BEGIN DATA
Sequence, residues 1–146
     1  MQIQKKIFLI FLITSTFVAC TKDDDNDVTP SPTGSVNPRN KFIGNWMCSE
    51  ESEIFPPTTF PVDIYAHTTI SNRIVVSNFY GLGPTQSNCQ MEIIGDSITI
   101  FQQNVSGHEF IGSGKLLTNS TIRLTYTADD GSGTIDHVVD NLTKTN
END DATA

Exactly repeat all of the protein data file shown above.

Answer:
Sequence, residues 1–146
     1  MQIQKKIFLI FLITSTFVAC TKDDDNDVTP SPTGSVNPRN KFIGNWMCSE
    51  ESEIFPPTTF PVDIYAHTTI SNRIVVSNFY GLGPTQSNCQ MEIIGDSITI
   101  FQQNVSGHEF IGSGKLLTNS TIRLTYTADD GSGTIDHVVD NLTKTN